Sex-differentiated adaptive pressures have also been invoked as a distal cause for men’s relative inclination towards a host of competitive pursuits, including entrepreneurship (White et al., 2006), heroics (Farthing, 2005), future discounting (Daly & Wilson, 2005), risk taking (Dekel & Scotchmer, 1999; Ronay & von Hippel, 2010), and violence and aggression (Archer, 2006; Daly & Wilson, 1989; Wilson & Daly, 1985). While overconfidence may well be an important unmeasured variable in many of these contexts, its greatest utility likely follows from its status-enhancing social function. For example, Anderson et al. (2012) found that overconfidence is associated with higher levels of peer-rated social status, in both short-term and long-term groups. Status is tightly coupled to social advantages and material wealth, and because these assist with provisioning and parental care, high social status is strongly desired by females when assessing potential romantic partners (Hopcroft, 2006). Social status, in turn, is a good predictor of one’s genetic footprint – anthropological work shows clear and consistent links between status and reproductive success (Betzig, 2012; Turke & Betzig, 1985; von Rueden et al., 2011), with von Rueden and Jaeggi (2016) finding that status is a significant predictor of male reproductive success in 33 non-industrialized societies across the world.

It is important to keep in mind that, despite these generalizations, parental care varies considerably across species and contexts (Kokko & Jennions, 2008). For instance, a small number of shore birds have polyandrous mating systems that are accompanied by high levels of male parental care, leading to female-biased operationalized sex ratios (OSRs), along with stronger reproductive competition among females than males (Emlen & Oring, 1977). Female competition for reproductive opportunities is also relatively strong in a few cases of social mammals where female rank and reproductive success are closely correlated, such as Kalahari meerkats (Clutton-Brock et al., 2002) and spotted hyenas (Holekamp et al., 1996). Nonetheless the logic underlying parental investment theory (Trivers, 1972) holds even in such cases; sexual selection typically has its strongest effects on the sex that invests least in the offspring, and mate choice is exerted mainly by the sex that invests more, which in the majority of species is the female (Andersson & Iwasa, 1996). In mammals, where male-only care is completely absent and female-only care exists in about 90% of species (Clutton-Brock, 1991), males typically compete for females more strongly than females compete for males. Nonetheless, in humans the effect of differential parental investment in mating competition is diminished by the fact that humans are also pair bonding, and hence all males and all females must compete for access to preferred members of the opposite sex (Stewart-Williams & Thomas, 2013).

Overconfidence and Risk-Taking

In the context of sexual competition, the status-enhancing benefits of overconfidence comport well with men’s relative proclivity toward risk-taking (Byrnes et al., 1999). Because risky decisions involve balancing potential costs and benefits (e.g., Bernoulli, 1738; Friedman & Savage, 1948; Real & Caraco, 1986; Rubin & Paul, 1979), calibration of one’s capacities can help people assess when a risk is worth taking, whereas overconfidence can lead to unnecessary or excessive risk (e.g., Krueger & Dickson, 1994; Malmendier & Tate, 2005, 2008). This logic suggests that overconfidence can drive greater risk-taking, but evidence for this causal inference remains unclear (Broihanne et al., 2014; Camerer & Lovallo, 1999; Ronay et al., 2016).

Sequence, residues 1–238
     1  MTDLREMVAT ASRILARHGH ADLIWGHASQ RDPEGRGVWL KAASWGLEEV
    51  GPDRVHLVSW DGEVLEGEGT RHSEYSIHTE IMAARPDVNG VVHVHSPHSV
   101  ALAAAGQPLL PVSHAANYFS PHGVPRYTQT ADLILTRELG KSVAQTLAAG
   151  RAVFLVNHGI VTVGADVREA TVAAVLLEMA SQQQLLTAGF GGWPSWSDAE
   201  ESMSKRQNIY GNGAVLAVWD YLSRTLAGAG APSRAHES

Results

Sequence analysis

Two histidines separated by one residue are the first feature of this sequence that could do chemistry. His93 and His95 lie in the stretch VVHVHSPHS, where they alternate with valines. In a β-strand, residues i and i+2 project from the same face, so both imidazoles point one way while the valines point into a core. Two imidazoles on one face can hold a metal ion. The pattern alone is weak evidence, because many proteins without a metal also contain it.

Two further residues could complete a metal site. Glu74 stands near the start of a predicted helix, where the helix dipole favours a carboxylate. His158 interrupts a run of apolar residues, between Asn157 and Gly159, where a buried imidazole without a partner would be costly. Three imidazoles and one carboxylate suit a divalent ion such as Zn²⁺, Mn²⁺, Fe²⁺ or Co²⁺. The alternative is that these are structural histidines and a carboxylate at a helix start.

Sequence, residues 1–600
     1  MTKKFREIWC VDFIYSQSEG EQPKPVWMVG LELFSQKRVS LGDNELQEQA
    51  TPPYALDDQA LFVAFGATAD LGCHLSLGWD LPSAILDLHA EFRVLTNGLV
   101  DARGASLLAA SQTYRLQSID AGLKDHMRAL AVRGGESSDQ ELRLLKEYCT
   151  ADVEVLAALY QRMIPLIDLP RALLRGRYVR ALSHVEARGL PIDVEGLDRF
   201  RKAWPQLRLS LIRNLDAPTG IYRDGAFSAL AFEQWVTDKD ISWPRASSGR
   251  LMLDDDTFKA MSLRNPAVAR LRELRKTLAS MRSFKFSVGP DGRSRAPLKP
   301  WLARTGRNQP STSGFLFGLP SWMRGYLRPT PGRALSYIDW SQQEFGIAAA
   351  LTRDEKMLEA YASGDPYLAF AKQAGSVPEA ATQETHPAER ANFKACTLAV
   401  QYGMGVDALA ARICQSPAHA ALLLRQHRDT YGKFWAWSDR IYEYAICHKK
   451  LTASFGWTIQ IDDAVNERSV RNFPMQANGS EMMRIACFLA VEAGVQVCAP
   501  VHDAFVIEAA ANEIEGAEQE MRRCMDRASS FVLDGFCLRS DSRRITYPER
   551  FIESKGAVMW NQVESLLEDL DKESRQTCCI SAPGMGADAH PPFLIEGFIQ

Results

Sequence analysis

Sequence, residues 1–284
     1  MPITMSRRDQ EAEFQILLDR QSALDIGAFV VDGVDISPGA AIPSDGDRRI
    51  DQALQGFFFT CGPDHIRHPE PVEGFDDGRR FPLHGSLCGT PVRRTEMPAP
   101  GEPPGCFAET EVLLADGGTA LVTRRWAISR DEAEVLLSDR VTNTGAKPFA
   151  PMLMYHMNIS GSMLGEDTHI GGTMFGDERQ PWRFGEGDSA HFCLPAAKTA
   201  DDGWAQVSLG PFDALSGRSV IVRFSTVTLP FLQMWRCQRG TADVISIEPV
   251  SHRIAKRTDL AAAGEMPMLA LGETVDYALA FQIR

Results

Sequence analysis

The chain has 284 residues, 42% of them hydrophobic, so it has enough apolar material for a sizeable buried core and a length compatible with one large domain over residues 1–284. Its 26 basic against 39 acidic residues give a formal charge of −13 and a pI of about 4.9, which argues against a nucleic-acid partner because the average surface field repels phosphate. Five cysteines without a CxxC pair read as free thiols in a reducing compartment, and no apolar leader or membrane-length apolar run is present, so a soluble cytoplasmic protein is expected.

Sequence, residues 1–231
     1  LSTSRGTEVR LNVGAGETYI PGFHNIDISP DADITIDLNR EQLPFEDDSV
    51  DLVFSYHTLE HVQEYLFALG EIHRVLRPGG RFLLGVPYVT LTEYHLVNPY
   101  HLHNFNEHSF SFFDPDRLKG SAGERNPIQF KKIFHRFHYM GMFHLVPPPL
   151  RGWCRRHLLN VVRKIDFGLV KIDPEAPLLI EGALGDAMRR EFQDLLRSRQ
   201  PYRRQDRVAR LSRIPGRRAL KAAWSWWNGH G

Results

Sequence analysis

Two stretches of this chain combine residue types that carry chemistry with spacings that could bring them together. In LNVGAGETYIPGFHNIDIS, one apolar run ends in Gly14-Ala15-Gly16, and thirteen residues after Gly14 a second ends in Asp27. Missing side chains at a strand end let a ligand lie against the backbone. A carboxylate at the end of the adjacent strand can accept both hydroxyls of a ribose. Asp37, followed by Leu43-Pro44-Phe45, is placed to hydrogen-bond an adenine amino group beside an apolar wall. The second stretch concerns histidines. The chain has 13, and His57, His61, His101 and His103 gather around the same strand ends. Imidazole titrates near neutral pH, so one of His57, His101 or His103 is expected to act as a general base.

Alternatively, the causal direction might go the other way – an inherent proclivity toward risk might lead men to express overconfidence more strongly. According to this possibility, overconfidence is not only a precursor to unnecessary risk; overconfidence might be a strategy adopted by people in service of a greater risk orientation or a greater focus on short-term gains (see also, Maner & Hasty, 2022). When exaggerated displays of confidence go undetected, as they frequently do (Ronay et al., 2019), overconfidence can provide a status boost via inferences of greater competence (Anderson et al., 2012; Tenney et al., 2019). But false signaling can also become apparent and invite challenge (Ligon & McGraw, 2016; Tibbets & Izzo, 2010), leading to loss of social standing (Bromley, 1993; Kennedy et al., 2013; Tenney et al., 20072019) via perceptions of arrogance (Murphy et al., 2015), low competence (Ronay et al., 2019), and low value as a collaborative partner (Tenney et al., 2019). Within small scale societies overconfident displays, classified as “big man” behaviors, are rarely tolerated and group-leveling mechanisms are used to regulate against such displays (Boehm, 1999).

In appraising such risks, differences in selective pressures appear to have played a role in shaping the strategies of men and women (Baker & Maner, 2009; Byrnes et al., 1999; Daly & Wilson, 1997; Ellis et al., 2012; Wilson & Daly, 1985). Proximate biological mechanisms, such as higher levels of testosterone, focus attention on rewards and reduce sensitivity to losses (van Honk et al., 2004), thereby increasing competition and risk-taking (Apicella et al., 2008; Coates & Herbert, 2008; Dabbs & Dabbs, 2000; Kurath & Mata, 2018; Ronay & von Hippel, 2010). Dynamic and interacting fluctuations in testosterone and cortisol also play a role in the expression of risk (Mehta et al., 2015) and competitive behavior (Knight et al., 2022). In short, the costly inclination of men toward risk-taking, and the neuroendocrine mechanisms that regulate the expression of these tendencies (Wingfield, 2017), may be the legacy of countless generations of men competing with each other for females.